- Your personal savings and other assets such as paid leave, SBS Annuity or Deferred Compensation could be depleted quickly if you had to rely on that money to pay monthly bills. The money you had put aside for the future or for another use would be gone.
- Retirement benefits may be available if you are in the PERS or TRS defined benefit retirement plan (PERS Tier 1-3 or TRS Tier 1-2) and you are vested. (If you are injured on the job, you need not be vested). You must either be normal retirement age or be totally, permanently disabled from your occupation to receive these benefits. Your retirement benefit is based on your salary and years of service so you may need additional funds to cover your monthly expenses. Note: Defined contribution plan members, PERS Tier 4 and TRS Tier 3, have coverage only for occupational, on-the-job injuries or illnesses.
Purchasing Disability Insurance
Many people think disability insurance is expensive but it’s cheaper than you think and remember, all premiums are pretax, making the impact on your take home pay less than the actual premium. And the real question is can you afford not to have disability insurance? To decide, you should review your financial commitments and assets you can use to meet them in the event of a disability. Then take a look at the disability plans offered—both short-term and long-term disability plans are available. You can take either or both to fully protect yourself against an extended disability.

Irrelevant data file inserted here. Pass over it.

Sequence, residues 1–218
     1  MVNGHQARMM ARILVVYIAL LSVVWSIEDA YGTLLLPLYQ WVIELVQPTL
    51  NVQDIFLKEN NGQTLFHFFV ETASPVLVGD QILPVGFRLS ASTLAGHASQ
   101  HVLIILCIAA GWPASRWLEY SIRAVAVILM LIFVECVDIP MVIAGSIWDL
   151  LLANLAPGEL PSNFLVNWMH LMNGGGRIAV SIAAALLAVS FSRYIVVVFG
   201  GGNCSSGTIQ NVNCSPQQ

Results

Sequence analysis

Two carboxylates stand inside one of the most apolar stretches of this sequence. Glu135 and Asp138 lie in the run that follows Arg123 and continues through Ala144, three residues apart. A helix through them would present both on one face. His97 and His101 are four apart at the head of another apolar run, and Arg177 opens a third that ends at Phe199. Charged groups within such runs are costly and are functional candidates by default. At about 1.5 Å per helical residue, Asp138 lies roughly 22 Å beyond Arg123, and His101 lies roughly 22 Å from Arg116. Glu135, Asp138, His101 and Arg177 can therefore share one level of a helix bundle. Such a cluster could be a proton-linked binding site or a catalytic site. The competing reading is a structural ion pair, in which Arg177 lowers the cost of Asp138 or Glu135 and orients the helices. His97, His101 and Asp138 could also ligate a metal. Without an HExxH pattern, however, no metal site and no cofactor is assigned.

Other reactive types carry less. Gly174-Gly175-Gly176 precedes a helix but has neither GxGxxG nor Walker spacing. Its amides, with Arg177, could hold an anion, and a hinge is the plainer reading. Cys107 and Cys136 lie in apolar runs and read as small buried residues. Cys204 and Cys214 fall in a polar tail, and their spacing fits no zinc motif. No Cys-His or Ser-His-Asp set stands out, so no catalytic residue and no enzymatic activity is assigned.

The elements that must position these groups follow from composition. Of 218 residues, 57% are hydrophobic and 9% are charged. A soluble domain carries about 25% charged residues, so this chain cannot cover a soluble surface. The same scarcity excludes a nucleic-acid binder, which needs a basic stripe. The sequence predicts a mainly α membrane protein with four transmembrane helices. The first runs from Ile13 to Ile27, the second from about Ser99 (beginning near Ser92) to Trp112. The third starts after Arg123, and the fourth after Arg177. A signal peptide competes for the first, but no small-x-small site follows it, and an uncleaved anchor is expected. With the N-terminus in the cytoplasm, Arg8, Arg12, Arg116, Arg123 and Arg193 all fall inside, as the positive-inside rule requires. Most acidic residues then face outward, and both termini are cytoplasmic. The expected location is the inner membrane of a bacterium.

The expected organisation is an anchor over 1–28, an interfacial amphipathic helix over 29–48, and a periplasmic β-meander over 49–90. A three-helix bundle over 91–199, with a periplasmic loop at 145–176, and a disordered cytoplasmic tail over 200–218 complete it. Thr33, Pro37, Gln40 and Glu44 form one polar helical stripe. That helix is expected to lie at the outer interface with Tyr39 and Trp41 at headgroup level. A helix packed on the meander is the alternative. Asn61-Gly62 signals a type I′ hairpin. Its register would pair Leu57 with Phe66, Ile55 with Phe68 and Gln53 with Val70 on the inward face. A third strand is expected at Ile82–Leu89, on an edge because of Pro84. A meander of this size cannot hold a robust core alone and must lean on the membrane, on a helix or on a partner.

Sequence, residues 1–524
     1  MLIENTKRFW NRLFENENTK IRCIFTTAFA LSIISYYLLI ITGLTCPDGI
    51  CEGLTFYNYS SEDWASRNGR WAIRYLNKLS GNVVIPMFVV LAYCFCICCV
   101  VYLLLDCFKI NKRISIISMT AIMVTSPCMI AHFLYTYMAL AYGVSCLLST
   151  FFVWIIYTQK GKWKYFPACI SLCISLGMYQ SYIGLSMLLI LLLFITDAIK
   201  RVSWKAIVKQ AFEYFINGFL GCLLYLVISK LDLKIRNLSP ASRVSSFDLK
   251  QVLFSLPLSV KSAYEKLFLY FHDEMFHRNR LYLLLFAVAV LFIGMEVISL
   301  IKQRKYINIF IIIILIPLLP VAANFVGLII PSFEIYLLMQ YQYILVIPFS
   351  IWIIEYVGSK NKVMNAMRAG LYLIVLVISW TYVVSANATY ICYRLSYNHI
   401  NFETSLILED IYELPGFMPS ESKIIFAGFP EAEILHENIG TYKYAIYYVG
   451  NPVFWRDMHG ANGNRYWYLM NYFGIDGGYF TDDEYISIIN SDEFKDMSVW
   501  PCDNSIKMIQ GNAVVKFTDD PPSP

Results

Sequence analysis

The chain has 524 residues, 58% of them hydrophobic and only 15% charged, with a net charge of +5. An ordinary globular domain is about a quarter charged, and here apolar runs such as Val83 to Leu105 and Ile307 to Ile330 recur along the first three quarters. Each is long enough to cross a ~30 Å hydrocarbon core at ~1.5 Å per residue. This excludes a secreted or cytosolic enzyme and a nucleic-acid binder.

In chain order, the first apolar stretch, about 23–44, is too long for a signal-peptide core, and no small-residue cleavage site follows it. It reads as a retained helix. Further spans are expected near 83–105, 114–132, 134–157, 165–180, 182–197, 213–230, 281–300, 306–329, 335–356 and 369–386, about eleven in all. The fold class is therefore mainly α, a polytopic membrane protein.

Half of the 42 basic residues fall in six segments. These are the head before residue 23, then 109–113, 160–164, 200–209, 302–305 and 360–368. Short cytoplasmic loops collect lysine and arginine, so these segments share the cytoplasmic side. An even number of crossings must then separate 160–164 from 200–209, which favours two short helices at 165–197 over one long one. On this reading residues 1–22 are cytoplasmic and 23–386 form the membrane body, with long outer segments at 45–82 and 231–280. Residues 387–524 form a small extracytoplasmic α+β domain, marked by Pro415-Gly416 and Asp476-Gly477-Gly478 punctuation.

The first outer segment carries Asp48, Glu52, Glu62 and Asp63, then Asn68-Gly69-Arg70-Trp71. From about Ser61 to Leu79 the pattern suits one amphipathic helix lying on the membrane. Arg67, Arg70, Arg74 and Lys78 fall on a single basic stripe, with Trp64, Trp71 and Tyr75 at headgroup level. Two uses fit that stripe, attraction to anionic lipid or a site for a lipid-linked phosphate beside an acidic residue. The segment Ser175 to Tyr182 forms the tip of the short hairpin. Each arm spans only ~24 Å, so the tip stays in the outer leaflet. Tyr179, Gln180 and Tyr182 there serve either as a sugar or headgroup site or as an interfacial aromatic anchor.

Disability insurance pays benefits if you are totally disabled. Total disability means that you are unable to work at any reasonable occupation and under the care of the physician.
By replacing a portion of your income while you’re disabled, you’re protected against the losses that can occur when your paycheck stops. It is comprehensive—covering you both on and off the job.
Short-term disability (STD) protects you in the event of a brief absence from work. It can also fill in the waiting (elimination) period before long-term disability benefits begin.